The job market continues to be dynamic and competitive. So, employers need to be on top of their game to attract the best talent. Employers have to maintain a great brand and reputation that will attract top talent and help retain employees and key stakeholders.

Several trends have changed the way employers present themselves to prospective employees.

These trends determine how successful and effective the employer brand will be. Here are some of the major trends impacting employer branding in 2024.


Leadership championing employer branding

Beyond being involved in strategy, company leaders are getting more visible in promoting their company’s brand. Leaders are showcasing themselves more in the form of content such as videos, podcasts, and written content on company websites and social media.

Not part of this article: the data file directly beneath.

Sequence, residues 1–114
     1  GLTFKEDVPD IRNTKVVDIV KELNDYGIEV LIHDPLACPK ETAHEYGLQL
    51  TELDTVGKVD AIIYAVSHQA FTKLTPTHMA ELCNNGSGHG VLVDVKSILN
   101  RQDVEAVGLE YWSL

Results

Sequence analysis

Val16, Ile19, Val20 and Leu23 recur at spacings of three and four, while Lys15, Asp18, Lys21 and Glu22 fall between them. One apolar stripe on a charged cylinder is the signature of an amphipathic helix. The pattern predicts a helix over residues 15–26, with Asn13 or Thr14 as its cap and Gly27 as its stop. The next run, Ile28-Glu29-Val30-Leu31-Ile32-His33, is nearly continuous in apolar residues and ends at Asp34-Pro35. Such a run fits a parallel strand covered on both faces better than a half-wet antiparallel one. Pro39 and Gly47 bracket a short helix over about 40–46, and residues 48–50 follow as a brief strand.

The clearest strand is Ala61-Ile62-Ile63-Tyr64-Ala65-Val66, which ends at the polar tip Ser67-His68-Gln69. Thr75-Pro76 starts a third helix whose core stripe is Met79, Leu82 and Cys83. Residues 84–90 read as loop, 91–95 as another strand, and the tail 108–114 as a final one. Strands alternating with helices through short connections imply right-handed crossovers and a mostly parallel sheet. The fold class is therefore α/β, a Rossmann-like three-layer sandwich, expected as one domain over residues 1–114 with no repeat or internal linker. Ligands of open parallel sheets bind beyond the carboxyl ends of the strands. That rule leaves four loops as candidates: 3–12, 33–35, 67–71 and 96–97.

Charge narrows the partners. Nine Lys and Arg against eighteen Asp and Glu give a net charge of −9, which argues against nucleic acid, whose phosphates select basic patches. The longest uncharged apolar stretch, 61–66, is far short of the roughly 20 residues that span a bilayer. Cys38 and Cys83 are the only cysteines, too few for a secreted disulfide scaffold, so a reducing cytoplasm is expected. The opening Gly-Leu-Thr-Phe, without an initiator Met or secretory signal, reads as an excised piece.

CEOs and other members of the C-suite have the responsibility of communicating and representing the company’s vision and values. And being visible makes this easier and more effective.

More visible leaders help to humanize the company. Thus, making it more relatable to the audience. This also helps to engage new audiences, promote transparency, and gather insights from the audience.

What companies should do 

Employer branding strategy should include how members of the C-suite will get involved. Specifically, it must give them roles to pay in various aspects of the employer brand.

Employees as Brand Ambassadors